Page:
by Asset Allocation Committee
Last week, the Federal Reserve published its Financial Accounts of the United States report, formerly known as the Flow of Funds report. The report is a storehouse of important financial information. In this most recent report, a few things emerged that raised concerns. The first issue is net saving. Net saving is a macroeconomic identity; for every sector that saves, some other sector must dissave so the four major sectors of the economy—business, households, government and foreign—balance to zero each quarter.
The chart on the left shows the four major sectors. Household saving is income less consumption, business saving is revenue less investment, government saving is taxes less spending and the foreign sector is the inverse of the current account. All the data are scaled by GDP. Business saving vacillates between saving and dissaving; when businesses dissave, it means their investment exceeds their income and they are using the capital markets for funding. This chart shows important long-term trends in the economy; household saving peaked in the mid-1970s and fell steadily into the Great Financial Crisis, with dissaving in 2004-05. Foreign saving (a larger trade deficit) became common during the 1980s and has remained elevated ever since. To accommodate the foreign saving, either government or the private sector has lowered saving rates.
The chart on the right shows a rather disturbing development—a sharp drop in household saving and a commensurate rise in business saving. It isn’t clear what exactly caused households to lower their saving, but it could be that households were anticipating the tax cut and increased their spending. It’s also not clear why businesses boosted saving. In general, rising business saving comes at the expense of lower investment. One quarter’s data doesn’t make a trend, but if this pattern persists it would suggest lower future household consumption (eventually, the lack of saving undermines spending) and a decline in investment. Given that government dissaving is poised to rise and the president wants to impede trade, the domestic private sector would be called upon to fund the public deficit. That development would likely lead to slower growth.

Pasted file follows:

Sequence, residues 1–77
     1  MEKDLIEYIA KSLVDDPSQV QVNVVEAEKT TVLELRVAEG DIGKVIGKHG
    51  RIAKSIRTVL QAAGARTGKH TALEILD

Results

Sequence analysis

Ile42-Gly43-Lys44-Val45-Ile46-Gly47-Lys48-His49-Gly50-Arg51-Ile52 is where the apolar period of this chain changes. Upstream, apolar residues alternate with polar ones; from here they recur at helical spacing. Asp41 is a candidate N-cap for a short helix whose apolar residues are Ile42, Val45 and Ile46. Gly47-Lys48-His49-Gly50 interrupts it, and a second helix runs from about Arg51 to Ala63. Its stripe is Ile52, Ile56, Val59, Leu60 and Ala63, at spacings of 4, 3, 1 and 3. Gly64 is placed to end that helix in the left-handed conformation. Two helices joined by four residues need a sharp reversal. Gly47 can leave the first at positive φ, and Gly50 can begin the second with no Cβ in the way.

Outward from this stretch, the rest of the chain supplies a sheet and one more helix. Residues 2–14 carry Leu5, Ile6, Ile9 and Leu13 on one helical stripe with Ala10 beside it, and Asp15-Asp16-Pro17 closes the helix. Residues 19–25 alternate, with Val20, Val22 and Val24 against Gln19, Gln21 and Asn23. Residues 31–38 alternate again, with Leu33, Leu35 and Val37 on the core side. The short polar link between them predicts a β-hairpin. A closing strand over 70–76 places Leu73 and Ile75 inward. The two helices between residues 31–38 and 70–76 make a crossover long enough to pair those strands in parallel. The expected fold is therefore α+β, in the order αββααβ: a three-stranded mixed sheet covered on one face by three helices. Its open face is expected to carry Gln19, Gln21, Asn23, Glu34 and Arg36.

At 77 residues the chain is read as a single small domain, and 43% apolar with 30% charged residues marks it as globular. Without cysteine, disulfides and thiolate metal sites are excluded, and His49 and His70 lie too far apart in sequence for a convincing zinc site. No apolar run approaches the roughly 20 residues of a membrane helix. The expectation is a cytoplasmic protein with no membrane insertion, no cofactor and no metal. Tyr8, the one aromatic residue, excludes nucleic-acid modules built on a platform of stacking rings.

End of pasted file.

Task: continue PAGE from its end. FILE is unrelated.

The second issue shown in the recent report is that household deleveraging appears to have ended in Q4.
This chart shows household debt as a percentage of after-tax income. Although this ratio stabilized in 2016, it rose this quarter to its highest level since Q4 2014. Although not a major increase, the trend is disturbing because we doubt households have much additional debt capacity.
The two upper lines in this chart show the household financial obligations ratio, which includes debt payments plus auto leasing payments, rent, property taxes and homeowners insurance relative to after-tax income, and the household debt service ratio, which is just debt service (mortgage and consumer credit) relative to after-tax income. The lower line on the chart shows the difference between the two ratios. Both ratios have been rising but the financial obligations ratio has been increasing faster, likely reflecting higher rent payments. The difference, which has distributional effects, is now at record levels. The other concern is that both ratios are rising at the same time as tightening monetary policy. Rising interest rates coupled with higher levels of debt will likely mean rising debt obligations, which will eventually weaken consumption.
While our analysis of the economic data still suggests a recession won’t happen this year, the trends in some series do suggest the cycle is aging and the potential is rising for a slowdown in 2019. We continue to monitor the data closely as this year unfolds.